3 NRCP 39(a). (3) Alternative Dispute Resolution All civil actions filed in District Court in which the amount of damages does not exceed $50,000 per plaintiff (except for certain types of cases as listed in NRS (3)), exclusive of attorney s fees, interest, and court costs, must be submitted to non-binding arbitration, unless the parties have otherwise agreed to submit the action to an alternative method of resolving disputes, including a settlement conference, mediation, or a short trial. NRS (1)(a). 2. Justice Courts A party can appeal an arbitration award by requesting a trial de novo NAR 18. The arbitration award is admissible evidence and if the appealing party does not receive a verdict that is better than the award, it may be responsible for the other side s attorneys fees and costs. NAR 20. a. Limited Jurisdiction (1) Article 6 8 of the Nevada Constitution provides that the Legislature determines the limits of the Justice Courts jurisdiction according to the amount in controversy, the nature of the case, and the penalty provided or any combination thereof. (2) NRS limits the jurisdiction of the Justice Courts to the following types of civil actions: (a) General Civil Cases that do not exceed $10,000. (b) Small Claims Cases governed by NRS Chapter 73 that do not exceed $7,500. (c) Landlord/Tenant Cases that deal with the exclusion of tenant for default of rent or specific categories of unlawful detainer. (d) Temporary Protective Orders Cases that deal with temporary orders for protection. (3) If an action is transferred from the District Court to the Justice Court pursuant to NRS 3.221, the transfer of the action does not constitute a new filing that requires a party to pay a new filing fee and will not be construed to affect any period of limitation concerning the filing of the action. NRS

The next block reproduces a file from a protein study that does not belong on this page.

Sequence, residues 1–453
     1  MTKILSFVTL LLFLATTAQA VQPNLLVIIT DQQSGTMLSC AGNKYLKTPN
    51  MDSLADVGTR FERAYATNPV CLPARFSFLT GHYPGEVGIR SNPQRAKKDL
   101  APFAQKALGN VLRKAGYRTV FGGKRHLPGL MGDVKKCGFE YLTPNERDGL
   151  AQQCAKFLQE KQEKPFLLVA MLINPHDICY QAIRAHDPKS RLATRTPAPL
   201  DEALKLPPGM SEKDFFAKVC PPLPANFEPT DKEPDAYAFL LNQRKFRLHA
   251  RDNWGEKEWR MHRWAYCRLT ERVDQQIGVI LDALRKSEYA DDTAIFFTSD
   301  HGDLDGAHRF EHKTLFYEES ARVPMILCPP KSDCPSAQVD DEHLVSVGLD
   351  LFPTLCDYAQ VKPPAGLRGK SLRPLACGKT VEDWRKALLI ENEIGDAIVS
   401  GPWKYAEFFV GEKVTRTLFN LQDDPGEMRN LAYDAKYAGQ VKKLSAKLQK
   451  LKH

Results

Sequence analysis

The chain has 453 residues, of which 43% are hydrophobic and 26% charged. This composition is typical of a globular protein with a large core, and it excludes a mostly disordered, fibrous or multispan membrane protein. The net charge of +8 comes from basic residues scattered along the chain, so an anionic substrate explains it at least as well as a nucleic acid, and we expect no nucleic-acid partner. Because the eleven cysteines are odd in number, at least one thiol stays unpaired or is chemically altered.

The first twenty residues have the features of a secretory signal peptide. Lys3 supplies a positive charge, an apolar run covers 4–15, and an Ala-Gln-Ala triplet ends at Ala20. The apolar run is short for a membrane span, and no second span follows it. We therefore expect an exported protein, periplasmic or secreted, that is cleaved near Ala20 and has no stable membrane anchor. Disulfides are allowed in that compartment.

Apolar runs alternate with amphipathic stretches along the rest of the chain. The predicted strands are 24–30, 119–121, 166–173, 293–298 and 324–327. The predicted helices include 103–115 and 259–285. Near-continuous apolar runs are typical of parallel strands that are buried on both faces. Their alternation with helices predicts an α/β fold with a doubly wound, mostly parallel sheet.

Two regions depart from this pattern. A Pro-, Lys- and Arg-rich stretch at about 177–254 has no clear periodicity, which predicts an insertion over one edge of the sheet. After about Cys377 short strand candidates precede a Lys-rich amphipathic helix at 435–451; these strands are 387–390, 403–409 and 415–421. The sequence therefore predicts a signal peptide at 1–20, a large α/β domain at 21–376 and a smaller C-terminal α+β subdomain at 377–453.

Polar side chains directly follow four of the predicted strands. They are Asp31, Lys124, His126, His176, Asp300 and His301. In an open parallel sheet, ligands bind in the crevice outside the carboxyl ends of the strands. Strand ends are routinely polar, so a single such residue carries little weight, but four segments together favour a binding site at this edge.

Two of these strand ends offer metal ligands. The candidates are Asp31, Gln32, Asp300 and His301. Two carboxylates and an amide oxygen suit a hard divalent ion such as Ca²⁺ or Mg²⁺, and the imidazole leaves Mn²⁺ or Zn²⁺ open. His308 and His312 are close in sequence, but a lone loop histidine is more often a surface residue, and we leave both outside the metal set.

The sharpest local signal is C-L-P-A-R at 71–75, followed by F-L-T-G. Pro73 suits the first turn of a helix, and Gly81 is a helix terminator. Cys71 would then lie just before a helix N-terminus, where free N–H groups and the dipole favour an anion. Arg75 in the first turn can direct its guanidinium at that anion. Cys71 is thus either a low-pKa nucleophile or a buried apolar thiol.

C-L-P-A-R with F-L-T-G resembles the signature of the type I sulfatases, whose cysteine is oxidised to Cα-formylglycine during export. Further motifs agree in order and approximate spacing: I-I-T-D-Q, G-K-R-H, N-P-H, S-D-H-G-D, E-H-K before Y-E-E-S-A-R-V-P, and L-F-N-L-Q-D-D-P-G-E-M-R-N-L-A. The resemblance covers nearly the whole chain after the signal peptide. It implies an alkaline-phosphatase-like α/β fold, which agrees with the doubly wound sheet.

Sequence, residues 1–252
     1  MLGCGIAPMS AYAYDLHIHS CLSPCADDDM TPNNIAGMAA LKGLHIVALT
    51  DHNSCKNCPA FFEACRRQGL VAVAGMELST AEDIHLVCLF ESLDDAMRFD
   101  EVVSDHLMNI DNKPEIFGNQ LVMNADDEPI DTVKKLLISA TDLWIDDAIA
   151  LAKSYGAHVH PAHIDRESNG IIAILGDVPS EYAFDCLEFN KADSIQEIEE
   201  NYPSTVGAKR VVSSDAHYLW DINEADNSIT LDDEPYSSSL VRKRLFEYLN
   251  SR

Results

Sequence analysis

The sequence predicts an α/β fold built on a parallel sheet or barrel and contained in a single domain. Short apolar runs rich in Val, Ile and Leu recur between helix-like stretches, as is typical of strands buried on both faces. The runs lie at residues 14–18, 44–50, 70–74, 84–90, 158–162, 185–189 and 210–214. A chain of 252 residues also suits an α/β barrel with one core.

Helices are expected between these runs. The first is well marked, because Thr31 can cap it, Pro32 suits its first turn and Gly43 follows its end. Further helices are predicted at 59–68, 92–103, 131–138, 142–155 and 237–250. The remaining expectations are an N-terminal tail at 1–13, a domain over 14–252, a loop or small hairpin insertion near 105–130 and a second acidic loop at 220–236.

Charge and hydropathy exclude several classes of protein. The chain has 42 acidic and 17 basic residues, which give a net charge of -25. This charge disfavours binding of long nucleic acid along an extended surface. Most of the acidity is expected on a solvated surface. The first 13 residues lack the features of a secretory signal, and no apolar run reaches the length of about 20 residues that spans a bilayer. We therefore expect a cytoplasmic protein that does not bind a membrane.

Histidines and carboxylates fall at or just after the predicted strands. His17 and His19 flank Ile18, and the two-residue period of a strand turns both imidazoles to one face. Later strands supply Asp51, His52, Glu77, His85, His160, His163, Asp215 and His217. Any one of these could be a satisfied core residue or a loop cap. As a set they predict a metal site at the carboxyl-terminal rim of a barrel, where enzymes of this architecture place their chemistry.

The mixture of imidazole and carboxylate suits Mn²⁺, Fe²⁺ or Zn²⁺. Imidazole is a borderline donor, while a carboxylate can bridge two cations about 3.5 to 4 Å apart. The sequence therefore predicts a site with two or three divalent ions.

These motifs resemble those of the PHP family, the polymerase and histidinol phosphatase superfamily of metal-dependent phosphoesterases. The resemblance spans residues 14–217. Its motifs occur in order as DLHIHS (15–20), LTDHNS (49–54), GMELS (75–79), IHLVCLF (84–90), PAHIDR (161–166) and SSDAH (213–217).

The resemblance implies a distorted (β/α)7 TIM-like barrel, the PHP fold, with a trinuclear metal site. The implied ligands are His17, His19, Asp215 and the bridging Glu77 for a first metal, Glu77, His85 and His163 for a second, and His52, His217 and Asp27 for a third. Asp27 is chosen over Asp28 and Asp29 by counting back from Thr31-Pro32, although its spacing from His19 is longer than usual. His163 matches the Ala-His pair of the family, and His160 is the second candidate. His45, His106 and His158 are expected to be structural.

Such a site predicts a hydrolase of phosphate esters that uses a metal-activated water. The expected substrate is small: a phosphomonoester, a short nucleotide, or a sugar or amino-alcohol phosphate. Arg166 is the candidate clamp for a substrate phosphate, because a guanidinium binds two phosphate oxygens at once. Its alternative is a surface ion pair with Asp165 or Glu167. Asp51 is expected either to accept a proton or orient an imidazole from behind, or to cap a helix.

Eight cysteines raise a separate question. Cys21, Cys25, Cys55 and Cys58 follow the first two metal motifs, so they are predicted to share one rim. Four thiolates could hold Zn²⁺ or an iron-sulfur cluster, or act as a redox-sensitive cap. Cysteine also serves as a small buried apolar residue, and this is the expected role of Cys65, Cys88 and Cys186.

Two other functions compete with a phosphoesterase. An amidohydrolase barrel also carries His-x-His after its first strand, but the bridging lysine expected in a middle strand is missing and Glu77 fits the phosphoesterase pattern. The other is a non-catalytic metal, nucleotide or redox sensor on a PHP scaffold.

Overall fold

4 (4) Appeals to District Court Any aggrieved party has standing to appeal any appealable judgment or order in a civil action or proceeding. The District Court may consider errors of law and the sufficiency of evidence. Justice Court Rules of Civil Procedure 73A(a). b. Procedure (1) Trial by Jury The Justice Court Rule of Civil Procedure ( JCRCP ) preserve the right of trial by jury. JCRCP 38(a). (a) Any party may demand a trial by jury of any issue triable of right by a jury by filing and serving upon the other parties a demand in writing. JCRCP 38(b). The demand may request trial by jury on all or some of the issues and if not specified, the party will be deemed to have demanded a jury trial for all triable issues. JCRCP 38(c). (b) Pursuant to the Justice Court Rules of Civil Procedure, the jury may consist of any number not more than 6 and not less than 4. NRS (2). i. The standard jury size is 4, but upon a showing of good cause, a party may request a jury of 6 members. JCRCP 47(a). ii. iii. For a 4 member jury, a majority verdict requires a verdict or finding of 3 of the jurors. JCRCP 48. For a 6 member jury, a majority verdict requires a verdict or finding of 5 of the jurors. JCRCP 48. (c) The jury trial is a short form trial---the plaintiffs and the defendants are each allotted 2 hours to present their cases, unless otherwise granted by the court. All plaintiffs and all defendants are collectively treated as a single plaintiff and a single defendant. JCRCP 39A(c). (2) Bench Trials Issues not demanded for trial by jury shall be tried by the court. JCRCP 39(b). The parties may stipulate to trial by the court or the court may order a bench trial if it finds that a right of trial by jury of some or all of the issues does not exist under the Nevada Constitution. JCRCP 39(a). (3) Alternative Dispute Resolution ( ADR ) (a) Voluntary, Binding ADR A civil action may be submitted to binding arbitration or to an alternative method of resolving disputes, 4